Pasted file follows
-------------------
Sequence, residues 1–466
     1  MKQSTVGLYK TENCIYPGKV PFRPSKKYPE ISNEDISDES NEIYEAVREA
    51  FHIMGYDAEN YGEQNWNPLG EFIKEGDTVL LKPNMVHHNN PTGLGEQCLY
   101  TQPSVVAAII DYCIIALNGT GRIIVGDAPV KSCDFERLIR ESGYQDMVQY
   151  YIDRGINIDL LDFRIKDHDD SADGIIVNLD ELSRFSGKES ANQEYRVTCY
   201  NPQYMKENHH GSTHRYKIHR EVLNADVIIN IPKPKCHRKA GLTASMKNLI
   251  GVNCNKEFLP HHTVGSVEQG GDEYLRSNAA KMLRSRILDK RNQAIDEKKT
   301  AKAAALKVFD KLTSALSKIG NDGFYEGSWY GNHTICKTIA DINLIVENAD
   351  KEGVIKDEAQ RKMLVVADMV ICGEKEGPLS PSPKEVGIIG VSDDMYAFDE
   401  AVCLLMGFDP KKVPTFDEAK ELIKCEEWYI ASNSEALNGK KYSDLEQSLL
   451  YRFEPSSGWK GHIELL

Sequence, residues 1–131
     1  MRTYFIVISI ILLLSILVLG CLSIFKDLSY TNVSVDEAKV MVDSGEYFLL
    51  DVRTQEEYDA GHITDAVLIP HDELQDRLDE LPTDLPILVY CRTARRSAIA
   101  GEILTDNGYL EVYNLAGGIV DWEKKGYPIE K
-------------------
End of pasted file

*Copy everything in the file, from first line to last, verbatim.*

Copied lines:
Sequence, residues 1–466
     1  MKQSTVGLYK TENCIYPGKV PFRPSKKYPE ISNEDISDES NEIYEAVREA
    51  FHIMGYDAEN YGEQNWNPLG EFIKEGDTVL LKPNMVHHNN PTGLGEQCLY
   101  TQPSVVAAII DYCIIALNGT GRIIVGDAPV KSCDFERLIR ESGYQDMVQY
   151  YIDRGINIDL LDFRIKDHDD SADGIIVNLD ELSRFSGKES ANQEYRVTCY
   201  NPQYMKENHH GSTHRYKIHR EVLNADVIIN IPKPKCHRKA GLTASMKNLI
   251  GVNCNKEFLP HHTVGSVEQG GDEYLRSNAA KMLRSRILDK RNQAIDEKKT
   301  AKAAALKVFD KLTSALSKIG NDGFYEGSWY GNHTICKTIA DINLIVENAD
   351  KEGVIKDEAQ RKMLVVADMV ICGEKEGPLS PSPKEVGIIG VSDDMYAFDE
   401  AVCLLMGFDP KKVPTFDEAK ELIKCEEWYI ASNSEALNGK KYSDLEQSLL
   451  YRFEPSSGWK GHIELL

Sequence, residues 1–131
     1  MRTYFIVISI ILLLSILVLG CLSIFKDLSY TNVSVDEAKV MVDSGEYFLL
    51  DVRTQEEYDA GHITDAVLIP HDELQDRLDE LPTDLPILVY CRTARRSAIA
   101  GEILTDNGYL EVYNLAGGIV DWEKKGYPIE K